Does Sequential Selection solve the Gaia hypothesis?
One question that plagues many people is how the earth has remained stable for billions of years. How does the earth maintain itself through the evolution of various species, the eradication of species and intense climate changes that have occurred throughout the centuries? It seems that no matter what the earth goes through, it keeps trudging along in a necessary state to support all of the forms of life that exist on it. Scientists have wondered for a long time how that is possible and dubbed the problem “The Gaia Hypothesis”.
While the Gaia hypothesis asks how the earth sustains itself through so much, it also suggests that there is a kind of interactive resonance that exists between the earth’s biological and inorganic processes that allowed life to survive climate change, volcanic eruptions, meteors and other threats. However, until recently, scientists struggled to understand exactly how this resonance works. New research conducted by scientists at the University of Exeter may have shed some light on the Gaia problem.
Depending on what belief system you follow, the answers to the Gaia problem may be found in many places. Some people believe it is a deity that supports and sustains life, while others may resolve the issue through the basic assumption that the earth is just “special” and is therefore invulnerable. This new paper may help those people that require less simplified reasons.
The answer that researchers came up with lies in sequential selection. Published in the journal Trends in Ecology and Evolution, sequential selection—a term the scientists came up with—works very much like natural selection in that biological changes that can destabilize the conditions that support life will naturally be short-lived, while changes that encourage stability are more likely to sustain and reinforce the conditions that maintain life. The basic idea here seems to suggest that there exists a sort of survival instinct being present in that prolonged periods of stability make it possible for more stabilizing traits to emerge as life evolves and diversifies itself. The scientists referred to this process as “selection by survival alone.”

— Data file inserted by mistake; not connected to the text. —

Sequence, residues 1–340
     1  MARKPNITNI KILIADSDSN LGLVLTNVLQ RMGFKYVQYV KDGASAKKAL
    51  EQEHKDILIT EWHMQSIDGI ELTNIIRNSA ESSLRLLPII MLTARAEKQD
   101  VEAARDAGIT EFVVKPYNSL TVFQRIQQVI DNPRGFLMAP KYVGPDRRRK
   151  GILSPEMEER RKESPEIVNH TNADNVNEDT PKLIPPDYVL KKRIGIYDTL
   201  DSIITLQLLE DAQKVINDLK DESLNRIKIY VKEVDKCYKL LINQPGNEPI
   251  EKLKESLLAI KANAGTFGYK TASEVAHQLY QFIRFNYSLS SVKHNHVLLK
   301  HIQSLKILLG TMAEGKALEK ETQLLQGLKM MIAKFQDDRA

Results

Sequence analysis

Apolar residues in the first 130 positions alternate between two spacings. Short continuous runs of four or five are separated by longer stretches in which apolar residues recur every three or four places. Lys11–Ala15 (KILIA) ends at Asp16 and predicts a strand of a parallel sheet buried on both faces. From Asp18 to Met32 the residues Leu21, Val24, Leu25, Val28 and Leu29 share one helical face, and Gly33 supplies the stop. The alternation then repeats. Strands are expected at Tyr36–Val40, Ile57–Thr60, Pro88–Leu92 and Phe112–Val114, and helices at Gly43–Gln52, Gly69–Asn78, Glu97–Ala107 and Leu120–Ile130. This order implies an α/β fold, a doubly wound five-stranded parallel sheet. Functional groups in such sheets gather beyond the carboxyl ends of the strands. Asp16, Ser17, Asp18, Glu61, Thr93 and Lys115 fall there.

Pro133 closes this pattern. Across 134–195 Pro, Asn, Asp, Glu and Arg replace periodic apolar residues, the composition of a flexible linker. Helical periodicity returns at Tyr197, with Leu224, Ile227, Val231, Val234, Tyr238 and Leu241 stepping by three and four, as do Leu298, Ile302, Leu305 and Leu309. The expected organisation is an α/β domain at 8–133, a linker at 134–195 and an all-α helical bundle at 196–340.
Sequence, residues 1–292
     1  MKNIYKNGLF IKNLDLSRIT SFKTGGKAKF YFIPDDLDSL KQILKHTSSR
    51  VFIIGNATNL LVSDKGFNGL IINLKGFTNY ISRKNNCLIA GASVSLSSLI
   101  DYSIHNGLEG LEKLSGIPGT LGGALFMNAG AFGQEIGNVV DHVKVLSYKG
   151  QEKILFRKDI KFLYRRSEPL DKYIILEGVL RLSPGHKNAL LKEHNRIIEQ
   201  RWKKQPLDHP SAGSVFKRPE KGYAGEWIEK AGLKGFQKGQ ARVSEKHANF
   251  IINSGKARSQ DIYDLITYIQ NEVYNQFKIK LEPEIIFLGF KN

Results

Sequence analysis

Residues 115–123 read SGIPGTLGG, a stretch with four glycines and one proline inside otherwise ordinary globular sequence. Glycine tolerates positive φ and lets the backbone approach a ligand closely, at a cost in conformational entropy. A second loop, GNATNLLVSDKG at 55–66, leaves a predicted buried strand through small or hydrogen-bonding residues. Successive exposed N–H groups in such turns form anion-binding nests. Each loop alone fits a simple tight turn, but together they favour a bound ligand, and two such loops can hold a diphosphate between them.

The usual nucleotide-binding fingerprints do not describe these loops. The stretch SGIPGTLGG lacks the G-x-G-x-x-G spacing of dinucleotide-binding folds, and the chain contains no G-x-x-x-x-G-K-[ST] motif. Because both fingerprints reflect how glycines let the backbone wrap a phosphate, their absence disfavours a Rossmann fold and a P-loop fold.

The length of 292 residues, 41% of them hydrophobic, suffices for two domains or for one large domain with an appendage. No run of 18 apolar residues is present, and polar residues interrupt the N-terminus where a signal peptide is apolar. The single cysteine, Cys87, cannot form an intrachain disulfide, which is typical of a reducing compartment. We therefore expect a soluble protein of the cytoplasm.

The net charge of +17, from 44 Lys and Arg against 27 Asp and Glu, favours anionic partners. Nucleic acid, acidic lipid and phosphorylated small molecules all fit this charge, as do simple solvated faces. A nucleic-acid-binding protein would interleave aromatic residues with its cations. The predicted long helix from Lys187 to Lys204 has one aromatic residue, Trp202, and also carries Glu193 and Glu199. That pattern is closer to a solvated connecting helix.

“The central problem with the original Gaia hypothesis was that evolution via natural selection cannot explain how the whole planet came to have stabilizing properties over geologic timescales,” Exeter professor Tim Lenton said in a news release. “Instead, we show that at least two simpler mechanisms work together to give our planet with life self-stabilizing properties.”
Even as selection by survival alone and sequential selection attempt to unravel the questions surrounding of the earth’s prolonged stability, the new research also attempts to estimate the types of extraterrestrial conditions that would allow for the possibility of complex life existing on other planets as well. Although I am of the line of thinking that the idea of complex life existing only on earth is preposterous and arrogant, sequential selection does add a bit more support to the idea than just using common sense.
This new research does not so far prove the earth’s stability is permanent, but it does manage to sideswipe the current fear that anthropologic climate change would undermine the current stability. This could bode well for those that are paranoid about climate instability causing the earth’s inevitable destruction, but the fact that the Ice Age occurred could have done that too if one were inclined to apply the knowledge of the changes that led up to the period in the first place.
In the end, the implication here is that the earth is in possession of a survival instinct that may be able to keep it supporting life for as long as it exists. As long as an asteroid doesn’t come by and blow it up, or the sun doesn’t burn it outright, life should be sustained on this planet for a billion more years. So, does the Gaia hypothesis get solved through this research? Not really. This new research seems to consist of little more than common sense answers given during casual conversation than real research. It is also following a train of thought which has already been available through various forms of mysticism. I guess it may be given more credit now that PH.D. carrying scientists said it.